Presentation Authors: Bert Dhondt*, Glenn Vergauwen, Jan Van Deun, Edward Geeurickx, Lien Lippens, Joeri Tulkens, Ghent, Belgium, Ilkka Miinalainen, Pekka Rappu, Jyrki Heino, Oulu, Finland, Piet Ost, Olivier De Wever, An Hendrix, Nicolaas Lumen, Ghent, Belgium
Introduction: Extracellular vesicles (EV) have raised interest as a potential source of biomarker discovery. We developed techniques for high-purity isolation of tumor tissue EV (tEV) and urinary EV (uEV), a prerequisite for the identification of EV-specific functions and biomarkers. This study maps the biomarker potential of uEV in prostate cancer (PC).
Methods: Urine samples from PC patients were collected prior to, and 3 months after local treatment. From 5 patients, paired urine samples and tumor tissue were collected. UEV were isolated with a discontinuous Optiprepâ„¢ density gradient (ODG). Tumor tissue was incubated for 3 hours in cell culture medium and tEV were isolated from the conditioned medium by size exclusion chromatography and ODG. UEV and tEV were characterized using nanoparticle tracking analysis (NTA), western blot (WB), transmission electron microscopy (TEM) and mass spectrometry (MS).
Results: NTA, WB and TEM confirmed the enrichment of uEV and tEV in 1.1 g/ml density fractions (EV fraction), and soluble urinary proteins (SP fraction) in high density fractions. MS of paired tEV and uEV samples showed enrichment of tEV proteins in uEV, demonstrating detection of PC-derived EV in urine. MS identified biologically relevant EV-associated proteins with high repeatability. There was a clear differential protein enrichment between EV and SP fractions, of which gene set enrichment analysis showed differential biological functions and cellular origin. Moreover, urine samples before and after local prostate cancer treatment were enriched in different proteins. This applied to both the EV and SP fractions. A significant over-representation of proteins involved in RNA and protein metabolism was found in uEV prior to therapy, while proteins enriched in SP fractions were related to energy metabolism and cytoskeleton dynamics. Proteins enriched in uEV after local prostate cancer treatment were mainly responsible for the classic transport function of EV.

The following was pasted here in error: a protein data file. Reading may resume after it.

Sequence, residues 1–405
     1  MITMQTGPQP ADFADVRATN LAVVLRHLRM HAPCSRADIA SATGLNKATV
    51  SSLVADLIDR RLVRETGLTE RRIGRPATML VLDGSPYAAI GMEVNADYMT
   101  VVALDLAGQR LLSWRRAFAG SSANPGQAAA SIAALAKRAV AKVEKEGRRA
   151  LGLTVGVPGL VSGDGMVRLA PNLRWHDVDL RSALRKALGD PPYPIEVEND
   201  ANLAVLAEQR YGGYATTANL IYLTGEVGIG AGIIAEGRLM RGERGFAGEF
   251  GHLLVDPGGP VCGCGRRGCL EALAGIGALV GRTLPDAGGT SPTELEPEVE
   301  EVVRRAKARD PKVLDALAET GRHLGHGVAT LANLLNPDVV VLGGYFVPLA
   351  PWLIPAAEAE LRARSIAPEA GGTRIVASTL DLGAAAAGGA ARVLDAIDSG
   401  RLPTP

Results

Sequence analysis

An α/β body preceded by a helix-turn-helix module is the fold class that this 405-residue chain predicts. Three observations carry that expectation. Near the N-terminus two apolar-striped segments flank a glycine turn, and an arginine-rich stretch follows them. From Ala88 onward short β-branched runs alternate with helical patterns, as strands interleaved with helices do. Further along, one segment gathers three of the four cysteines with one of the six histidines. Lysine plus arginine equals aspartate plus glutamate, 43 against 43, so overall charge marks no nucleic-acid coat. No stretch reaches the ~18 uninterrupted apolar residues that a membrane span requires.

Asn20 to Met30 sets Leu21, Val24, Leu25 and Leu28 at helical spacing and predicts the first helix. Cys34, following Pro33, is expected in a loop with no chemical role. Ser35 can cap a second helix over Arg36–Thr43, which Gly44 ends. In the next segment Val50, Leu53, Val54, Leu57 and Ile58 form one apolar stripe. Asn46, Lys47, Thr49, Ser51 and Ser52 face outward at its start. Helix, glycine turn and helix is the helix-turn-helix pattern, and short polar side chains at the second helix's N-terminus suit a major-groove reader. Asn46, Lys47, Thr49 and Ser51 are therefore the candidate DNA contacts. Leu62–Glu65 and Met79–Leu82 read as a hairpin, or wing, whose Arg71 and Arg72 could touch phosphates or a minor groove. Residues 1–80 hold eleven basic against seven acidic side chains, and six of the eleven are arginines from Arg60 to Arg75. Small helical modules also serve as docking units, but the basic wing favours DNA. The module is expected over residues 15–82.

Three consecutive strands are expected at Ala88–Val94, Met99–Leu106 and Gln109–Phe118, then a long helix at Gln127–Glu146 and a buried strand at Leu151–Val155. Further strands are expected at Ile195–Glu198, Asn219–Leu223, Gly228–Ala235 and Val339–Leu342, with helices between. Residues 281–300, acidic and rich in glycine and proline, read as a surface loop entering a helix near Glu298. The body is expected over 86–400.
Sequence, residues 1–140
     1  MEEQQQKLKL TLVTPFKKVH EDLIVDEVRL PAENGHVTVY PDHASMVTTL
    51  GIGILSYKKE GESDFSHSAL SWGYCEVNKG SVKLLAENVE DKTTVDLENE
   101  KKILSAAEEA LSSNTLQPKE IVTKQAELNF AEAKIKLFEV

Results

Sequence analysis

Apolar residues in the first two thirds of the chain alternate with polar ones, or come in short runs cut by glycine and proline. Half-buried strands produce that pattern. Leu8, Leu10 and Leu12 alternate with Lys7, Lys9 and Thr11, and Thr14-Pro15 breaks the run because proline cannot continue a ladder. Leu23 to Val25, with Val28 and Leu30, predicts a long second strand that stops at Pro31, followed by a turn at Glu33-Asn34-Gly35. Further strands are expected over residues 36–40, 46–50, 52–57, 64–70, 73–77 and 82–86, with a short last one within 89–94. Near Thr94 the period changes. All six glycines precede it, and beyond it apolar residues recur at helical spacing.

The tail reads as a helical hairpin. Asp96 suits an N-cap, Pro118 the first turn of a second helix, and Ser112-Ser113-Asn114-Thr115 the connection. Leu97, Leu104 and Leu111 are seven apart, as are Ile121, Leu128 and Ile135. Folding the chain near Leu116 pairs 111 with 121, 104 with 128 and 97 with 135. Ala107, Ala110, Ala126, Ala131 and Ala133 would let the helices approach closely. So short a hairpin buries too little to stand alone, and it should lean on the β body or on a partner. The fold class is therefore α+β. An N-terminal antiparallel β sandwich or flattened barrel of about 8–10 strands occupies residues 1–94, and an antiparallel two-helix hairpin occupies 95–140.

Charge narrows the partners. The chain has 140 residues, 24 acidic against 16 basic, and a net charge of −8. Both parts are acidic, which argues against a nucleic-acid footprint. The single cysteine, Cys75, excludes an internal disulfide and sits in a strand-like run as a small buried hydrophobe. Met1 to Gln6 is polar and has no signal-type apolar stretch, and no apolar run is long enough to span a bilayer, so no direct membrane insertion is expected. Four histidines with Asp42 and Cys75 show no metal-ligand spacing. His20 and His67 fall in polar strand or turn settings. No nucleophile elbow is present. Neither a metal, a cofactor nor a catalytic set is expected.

Conclusions: The development of reliable techniques for the isolation of high-purity tEV and uEV enables identification of tumor-specific proteins and functions of EV. This study shows that urine is a source of EV released by PC. UEV of PC patients are enriched in a unique set of proteins with tumor-specific biological functions. This signature disappears after local PC treatment. The analysis of EV offers additional insights on top of the study of the soluble urinary proteome. Taken together, uEV offer a new perspective for the discovery of promising PC biomarkers.
Source of Funding: This work was supported by â€œKom op tegen Kanker (Stand up to Cancer), the Flemisch cancer societyâ€ (Bert Dhondt: Emmanuel Vander Schueren Research Grant).